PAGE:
The challenge for modern PLM is to establish new best practices around a model-based approach for systems engineering (MBSE), for engineering to manufacturing (MBD/MBE) and operations (Digital Twins). All these best practices should be generic and connected ultimately.  I wrote about these topics in the past, have a look at:

PLM Vendors are showing pieces of the puzzle, but it is up to the implementers to establish the puzzle, without knowing in detail what the end result will be. This is the same journey of Columbus. He had a boat and a target towards the unknown. He discovered a country with a small population, nowadays a country full of immigrants who call themselves natives.

However, the result was an impressive transformation.

Reading about transformation

Last year I read several books to get more insight into what motivates us, and how can we motivate people to change. In one way, it is disappointing to learn that we civilized human beings most of the time to not make rational decisions but act based on our per-historic brain.

 

Thinking, Fast and Slow from Daniel Kahneman was one of the first books in that direction as a must-read to understand our personal thinking and decision processes.

 

 

 

I read Idiot Brain: What Your Head Is Really Up To from Dean Burnett, where he explains this how our brain appears to be sabotaging our life, and what on earth it is really up to. Interesting to read but could be a little more comprehensive

 

I got more excited from Dan Ariely”s book: Predictably Irrational: The Hidden Forces That Shape Our Decisions as it was structured around topics where we handle completely irrational but predictable. And this predictability is used by people (sales/politicians/ management) to drive your actions. Useful to realize when you recognize the situation

 

These three books also illustrate the flaws of our modern time – we communicate fast (preferable through tweets) – we decide fast based on our gut feelings – so you realize towards what kind of world we are heading.  Going through a transformation should be considered as a slow, learning process. Like reading a book – it takes time to digest.

Once you are aiming at a business transformation for your company or supporting a company in its transformation, the following books were insightful:

Leading Digital: Turning Technology into Business Transformation by George Westerman, Didier Bonnet and Andrew McAfee is maybe not the most inspiring book, however as it stays close to what we experience in our day-to-day-life it is for sure a book to read to get a foundational understanding of business transformation.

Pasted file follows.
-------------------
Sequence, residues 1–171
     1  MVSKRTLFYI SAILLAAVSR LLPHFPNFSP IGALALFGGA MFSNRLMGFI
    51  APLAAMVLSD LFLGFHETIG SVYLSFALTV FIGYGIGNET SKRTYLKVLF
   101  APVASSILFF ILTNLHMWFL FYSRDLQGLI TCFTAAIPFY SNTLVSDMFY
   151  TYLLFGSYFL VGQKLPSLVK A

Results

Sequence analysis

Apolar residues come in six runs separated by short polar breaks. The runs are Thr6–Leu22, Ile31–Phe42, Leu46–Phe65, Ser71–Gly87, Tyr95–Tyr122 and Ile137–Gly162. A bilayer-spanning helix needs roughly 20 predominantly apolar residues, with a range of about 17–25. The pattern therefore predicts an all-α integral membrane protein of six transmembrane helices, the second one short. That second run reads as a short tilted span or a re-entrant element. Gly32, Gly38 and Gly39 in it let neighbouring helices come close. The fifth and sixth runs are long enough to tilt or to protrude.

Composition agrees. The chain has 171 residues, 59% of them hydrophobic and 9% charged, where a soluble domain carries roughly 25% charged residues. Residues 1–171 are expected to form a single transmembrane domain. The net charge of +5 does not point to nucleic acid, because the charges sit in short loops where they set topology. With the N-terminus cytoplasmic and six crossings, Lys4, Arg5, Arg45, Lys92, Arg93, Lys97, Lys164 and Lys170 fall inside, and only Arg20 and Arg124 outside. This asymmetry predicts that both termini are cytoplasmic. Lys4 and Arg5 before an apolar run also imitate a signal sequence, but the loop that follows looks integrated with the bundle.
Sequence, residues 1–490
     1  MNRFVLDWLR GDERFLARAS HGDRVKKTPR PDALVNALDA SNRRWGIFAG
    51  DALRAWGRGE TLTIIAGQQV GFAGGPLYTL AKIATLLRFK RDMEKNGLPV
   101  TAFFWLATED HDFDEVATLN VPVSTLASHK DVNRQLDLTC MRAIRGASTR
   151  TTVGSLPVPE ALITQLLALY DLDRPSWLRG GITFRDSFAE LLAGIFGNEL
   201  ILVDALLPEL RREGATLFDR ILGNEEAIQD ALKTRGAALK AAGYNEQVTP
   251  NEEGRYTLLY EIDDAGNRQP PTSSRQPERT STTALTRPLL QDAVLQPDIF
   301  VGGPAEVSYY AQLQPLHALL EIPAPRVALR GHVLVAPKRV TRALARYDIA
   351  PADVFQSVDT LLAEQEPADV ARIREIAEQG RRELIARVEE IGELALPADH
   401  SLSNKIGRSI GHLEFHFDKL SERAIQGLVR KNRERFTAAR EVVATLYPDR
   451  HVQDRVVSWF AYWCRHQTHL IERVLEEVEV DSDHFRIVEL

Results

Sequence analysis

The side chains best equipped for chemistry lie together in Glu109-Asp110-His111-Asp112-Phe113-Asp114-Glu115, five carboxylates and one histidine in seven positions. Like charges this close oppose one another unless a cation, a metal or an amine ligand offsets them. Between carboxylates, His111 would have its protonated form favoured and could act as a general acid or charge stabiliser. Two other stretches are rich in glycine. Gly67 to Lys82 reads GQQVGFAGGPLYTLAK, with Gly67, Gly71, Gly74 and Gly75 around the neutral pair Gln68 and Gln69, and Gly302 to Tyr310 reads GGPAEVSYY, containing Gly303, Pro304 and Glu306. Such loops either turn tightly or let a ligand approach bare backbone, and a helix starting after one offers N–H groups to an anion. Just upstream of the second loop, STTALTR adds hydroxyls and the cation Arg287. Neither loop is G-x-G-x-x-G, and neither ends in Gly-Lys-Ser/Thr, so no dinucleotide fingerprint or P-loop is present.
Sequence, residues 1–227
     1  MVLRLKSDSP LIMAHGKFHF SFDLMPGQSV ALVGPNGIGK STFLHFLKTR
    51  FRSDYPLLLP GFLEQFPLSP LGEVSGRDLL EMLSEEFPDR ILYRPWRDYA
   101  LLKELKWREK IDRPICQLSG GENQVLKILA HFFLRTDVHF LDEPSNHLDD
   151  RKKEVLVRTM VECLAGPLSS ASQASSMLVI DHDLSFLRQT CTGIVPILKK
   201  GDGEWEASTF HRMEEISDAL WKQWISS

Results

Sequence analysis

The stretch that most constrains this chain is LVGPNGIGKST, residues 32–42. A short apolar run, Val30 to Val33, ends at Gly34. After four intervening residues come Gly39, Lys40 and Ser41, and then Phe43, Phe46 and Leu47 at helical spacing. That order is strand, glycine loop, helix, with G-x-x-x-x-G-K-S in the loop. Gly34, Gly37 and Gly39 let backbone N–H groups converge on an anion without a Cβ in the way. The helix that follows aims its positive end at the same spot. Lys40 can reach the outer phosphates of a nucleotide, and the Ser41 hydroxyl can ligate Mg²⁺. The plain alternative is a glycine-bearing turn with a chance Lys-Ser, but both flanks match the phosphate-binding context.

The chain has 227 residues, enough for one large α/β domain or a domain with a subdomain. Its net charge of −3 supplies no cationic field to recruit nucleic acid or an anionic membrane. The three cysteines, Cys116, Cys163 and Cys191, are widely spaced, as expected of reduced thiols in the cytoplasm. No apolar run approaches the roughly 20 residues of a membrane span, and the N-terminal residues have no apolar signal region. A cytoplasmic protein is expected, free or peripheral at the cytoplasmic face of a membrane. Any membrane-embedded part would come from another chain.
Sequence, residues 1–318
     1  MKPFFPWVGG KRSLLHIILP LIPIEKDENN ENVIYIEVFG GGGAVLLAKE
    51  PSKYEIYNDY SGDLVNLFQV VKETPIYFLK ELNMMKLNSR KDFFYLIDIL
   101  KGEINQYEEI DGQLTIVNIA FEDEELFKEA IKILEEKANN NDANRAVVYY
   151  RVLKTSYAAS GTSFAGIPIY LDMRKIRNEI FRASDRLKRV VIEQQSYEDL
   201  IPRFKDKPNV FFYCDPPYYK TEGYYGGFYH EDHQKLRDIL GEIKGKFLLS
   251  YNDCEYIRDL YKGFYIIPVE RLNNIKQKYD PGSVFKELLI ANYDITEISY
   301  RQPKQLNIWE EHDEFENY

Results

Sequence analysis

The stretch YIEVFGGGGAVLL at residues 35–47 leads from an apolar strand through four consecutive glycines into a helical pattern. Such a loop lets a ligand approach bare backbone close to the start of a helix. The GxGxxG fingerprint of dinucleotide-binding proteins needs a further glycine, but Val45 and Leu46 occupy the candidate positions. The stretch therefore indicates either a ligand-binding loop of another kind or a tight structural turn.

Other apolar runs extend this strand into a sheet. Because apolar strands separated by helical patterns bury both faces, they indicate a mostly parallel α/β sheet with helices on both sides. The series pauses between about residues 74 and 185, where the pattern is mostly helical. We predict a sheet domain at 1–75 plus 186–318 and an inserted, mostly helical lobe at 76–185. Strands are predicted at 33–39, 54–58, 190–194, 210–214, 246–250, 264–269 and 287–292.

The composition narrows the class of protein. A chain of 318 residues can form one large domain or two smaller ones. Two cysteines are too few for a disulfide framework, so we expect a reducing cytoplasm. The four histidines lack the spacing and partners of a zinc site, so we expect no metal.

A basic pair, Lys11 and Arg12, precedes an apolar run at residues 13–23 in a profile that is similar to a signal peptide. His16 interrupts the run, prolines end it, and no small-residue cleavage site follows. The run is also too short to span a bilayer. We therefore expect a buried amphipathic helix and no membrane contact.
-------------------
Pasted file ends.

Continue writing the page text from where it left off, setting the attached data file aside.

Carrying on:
The book I liked the most recent was Leading Transformation: How to Take Charge of Your Company’s Future by Nathan Furr, Kyle Nel, Thomas Zoega Ramsoy as it gives examples of transformation addressing parts of the irrational brain to get a transformation story. I believe in storytelling instead of business cases for transformation. I wrote about it in my blog post: PLM Measurable or a myth referring to Yuval Harari’s book Homo Sapiens

Note: I am starting my holidays now with a small basket of e-books. If you have any recommendations for books that I must read – please write them in the comments of this blog

Discussing transformation

After the summer holidays, I plan to have fruitful discussions around topics close to PLM. Working on a post and starting a conversation related to PLM, PIM, and Master Data Management. The borders between these domains are perhaps getting vaguer in a digital enterprise.

Further, I am looking forward to a discussion around the value of PLM assisting companies in developing sustainable products. A sustainable and probably circular economy is required to keep this earth a place to live for everybody. The whole discussion around climate change, however, is worrying as we should be Thinking – not fast and slow – but balanced.